are focused on the same technical, scientific, and process control markets

IBM also makes two closely related product lines data processors (approximately
80 percent of sales) and office equipment both of which emphasize the business

Companies that took the opposite path have not fared well. Two of yesterday's
technological leaders, ITT and RCA, have paid dearly for diversifying away from
their strengths. Today, both firms are trying to divest many of what were once
highly touted acquisitions.

A communications firm that became the world's largest conglomerate, ITT began to
slip in the early 1970s after an acquisition wave orchestrated by Harold

Focused R&D

Another policy that strengthens the focus of leading high-technology

firms is concentrating R&D on one or two areas. Such a strategy enables
these businesses to dominate the research, particularly the more risky,
leading edge explorations. By spending a higher proportion of their sales
dollars on R&D than their competitors do, or through their sheer size (as
in the case of IBM, Kodak, and Xerox), such companies maintain their
technological leadership.

Moreover, their commitment to R&D is both enduring and consistent. It is

maintained through slack periods and recessions because it is believed to
be in the best, long-term interest of the stockholders.

Consistent Priorities

Another way that a company demonstrates a strong business focus is through a

set of priorities and a pattern of behavior that is continually reinforced by top
management: for example, planned manufacturing improvement at Texas
Instruments (TI); customer service at IBM.

A business focus that is maintained over extended periods of time has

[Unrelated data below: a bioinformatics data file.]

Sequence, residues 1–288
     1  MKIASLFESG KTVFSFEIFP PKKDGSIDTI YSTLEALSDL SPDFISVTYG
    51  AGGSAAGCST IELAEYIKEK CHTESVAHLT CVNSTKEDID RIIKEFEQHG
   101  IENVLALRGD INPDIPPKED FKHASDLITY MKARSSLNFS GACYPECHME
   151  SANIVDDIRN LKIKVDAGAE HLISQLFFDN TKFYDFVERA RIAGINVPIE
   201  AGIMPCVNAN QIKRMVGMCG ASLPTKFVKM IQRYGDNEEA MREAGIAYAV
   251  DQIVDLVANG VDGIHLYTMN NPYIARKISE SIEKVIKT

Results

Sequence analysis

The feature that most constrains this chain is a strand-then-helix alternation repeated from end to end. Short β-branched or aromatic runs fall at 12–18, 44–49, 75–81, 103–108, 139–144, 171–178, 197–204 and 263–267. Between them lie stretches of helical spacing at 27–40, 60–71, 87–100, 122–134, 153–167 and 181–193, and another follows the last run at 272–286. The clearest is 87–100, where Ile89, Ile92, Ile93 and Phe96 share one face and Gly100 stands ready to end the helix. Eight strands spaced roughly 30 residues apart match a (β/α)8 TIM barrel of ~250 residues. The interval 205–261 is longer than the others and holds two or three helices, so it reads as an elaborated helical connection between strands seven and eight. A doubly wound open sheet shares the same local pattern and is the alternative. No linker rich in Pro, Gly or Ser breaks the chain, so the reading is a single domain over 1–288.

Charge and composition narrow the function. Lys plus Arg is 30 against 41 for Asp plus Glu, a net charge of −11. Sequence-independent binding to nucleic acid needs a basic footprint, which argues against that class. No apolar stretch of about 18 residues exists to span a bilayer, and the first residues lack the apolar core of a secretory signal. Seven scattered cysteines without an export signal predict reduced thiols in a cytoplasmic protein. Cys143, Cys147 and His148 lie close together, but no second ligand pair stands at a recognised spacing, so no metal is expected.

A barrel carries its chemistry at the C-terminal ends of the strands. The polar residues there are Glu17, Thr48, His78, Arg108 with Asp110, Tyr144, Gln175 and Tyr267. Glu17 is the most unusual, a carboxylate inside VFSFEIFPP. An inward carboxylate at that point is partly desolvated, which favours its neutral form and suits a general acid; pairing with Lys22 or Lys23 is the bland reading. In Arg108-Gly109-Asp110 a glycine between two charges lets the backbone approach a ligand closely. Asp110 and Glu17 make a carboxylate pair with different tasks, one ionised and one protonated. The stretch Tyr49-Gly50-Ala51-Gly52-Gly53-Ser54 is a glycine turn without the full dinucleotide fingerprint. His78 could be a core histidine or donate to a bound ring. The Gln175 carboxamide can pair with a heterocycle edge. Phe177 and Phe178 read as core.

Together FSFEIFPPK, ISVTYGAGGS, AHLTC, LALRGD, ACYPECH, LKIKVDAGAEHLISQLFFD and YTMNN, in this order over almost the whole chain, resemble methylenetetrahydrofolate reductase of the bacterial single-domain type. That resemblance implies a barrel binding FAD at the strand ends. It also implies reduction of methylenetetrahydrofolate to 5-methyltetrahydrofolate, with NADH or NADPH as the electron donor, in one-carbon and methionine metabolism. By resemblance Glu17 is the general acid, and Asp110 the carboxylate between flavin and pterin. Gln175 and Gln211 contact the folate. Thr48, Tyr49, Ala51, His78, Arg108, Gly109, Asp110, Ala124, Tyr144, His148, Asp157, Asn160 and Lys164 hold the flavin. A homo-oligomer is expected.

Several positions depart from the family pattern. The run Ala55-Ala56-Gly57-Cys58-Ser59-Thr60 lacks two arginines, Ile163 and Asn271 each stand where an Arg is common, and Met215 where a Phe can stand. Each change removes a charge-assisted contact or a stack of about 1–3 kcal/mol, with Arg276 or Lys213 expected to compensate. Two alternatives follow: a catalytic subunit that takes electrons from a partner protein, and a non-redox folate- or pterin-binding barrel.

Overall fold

fundamental consequences. By concentrating on what it does well, a company
develops an intimate knowledge of its markets, competitors, technologies,
employees, and of the future needs and opportunities of its customers.


Successful firms balance a well-defined business focus with the

willingness, and the will, to undertake major and rapid change when
necessary. Concentration, in short, does not mean stagnation. Immobility
is the most dangerous behavioral pattern a high-technology firm can
develop: technology can change rapidly, and with it the markets and
customers served.

The cost of strategic stagnation can be great, as General Radio (GR)

found out. Once the proud leader of the electronic instruments business,
GR almost single-handedly created many sectors of the market. Now all
that remains of GR's once dominant instruments line, which is less than
10 percent of sales, is a small assembly area where a handful of
technicians assemble batches of the old instruments.


The GenRad story is a classic example of a firm making a strategic change

because it perceived that its existing strategy was not working. But even
successful high-technology firms sometimes feel the need to be rejuvenated
periodically to avoid technological stagnation. In the mid-1960s, for example,
IBM appeared to have little reason for major change.

During the same period, GM, whose dominance of the U.S. auto industry
approached IBM's dominance of the computer mainframe industry, stoutly
resisted such a rejuvenation. Instead, it became more and more centralized and
inflexible.Yet, GM was also once a high-technology company. In its early days
when Alfred P. Sloan ran the company, engines were viewed as high-technology

Organisation Cohesion